Adding LIFX as Indicator Bulb
As impressive as the new Home Assistant support has been, the hardware limitations of the UDP+RF protocol still make it difficult for MiLight to sport the kinds of slick animation effects and seamless integrations one might expect from its pricier competitors. If one wanted to, for example, create an IFTTT recipe that triggers MiLights whenever a web notification is received, configuration would still be much more complicated then with the plug and play apps for LIFX or Phillips HUE. On the other hand, one doesn't necessarily need to have every bulb in the house connected to the web for this purpose and I imagine most people would find outfitting every room with commercial smart lights to be cost prohibitive anyway. At $15 per RGBW bulb and up to four zones controllable from one $20 hub, MiLights do on the other hand, make it more practical to add syncronized colored lighting to a full floor of a house. So why not use one of the higher-end models as a standalone "indicator light" that can be set up with all manner of web integrations, while MiLights can complement it as the main lighting source around the household? Doing so with Phillips HUE would require adding another hub alongside the MiLight and Wink hubs, and would cost at least $90 just to run a single bulb ($30 for Hub and $60 per bulb...). LIFX bulbs on the other hand, don't require a hub. Which makes their $50 price tag somewhat more palatable. As of the time of writing a LIFX component for Home Assistant is in the works and is expected to be released very soon. Even without direct support in Home Assistant, I've found it already complements my existing setup very well thanks to excellent LIFX support in IFTTT which also integrates to Home-Assistant through the Maker Channel.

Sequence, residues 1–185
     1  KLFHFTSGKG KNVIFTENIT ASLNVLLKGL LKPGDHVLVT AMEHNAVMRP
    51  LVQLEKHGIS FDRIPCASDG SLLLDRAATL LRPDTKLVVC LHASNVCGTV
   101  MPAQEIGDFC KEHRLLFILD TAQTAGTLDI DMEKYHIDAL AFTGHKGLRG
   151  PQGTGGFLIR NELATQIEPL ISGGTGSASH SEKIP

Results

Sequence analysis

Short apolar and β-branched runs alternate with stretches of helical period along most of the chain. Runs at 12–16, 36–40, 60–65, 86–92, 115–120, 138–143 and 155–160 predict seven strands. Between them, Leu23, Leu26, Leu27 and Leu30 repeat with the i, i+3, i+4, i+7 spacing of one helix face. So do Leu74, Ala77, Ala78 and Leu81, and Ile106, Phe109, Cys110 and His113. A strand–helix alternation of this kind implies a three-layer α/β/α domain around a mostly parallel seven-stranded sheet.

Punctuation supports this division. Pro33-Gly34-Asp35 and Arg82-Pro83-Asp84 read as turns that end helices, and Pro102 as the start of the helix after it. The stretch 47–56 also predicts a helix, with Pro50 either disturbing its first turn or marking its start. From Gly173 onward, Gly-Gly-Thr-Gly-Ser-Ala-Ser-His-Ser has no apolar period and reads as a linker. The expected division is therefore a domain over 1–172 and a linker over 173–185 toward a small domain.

Updated Network Diagram-
I have updated my network diagram to reflect the new additions. The resources page will also be updated as new automations are written that fully accommodate the new features.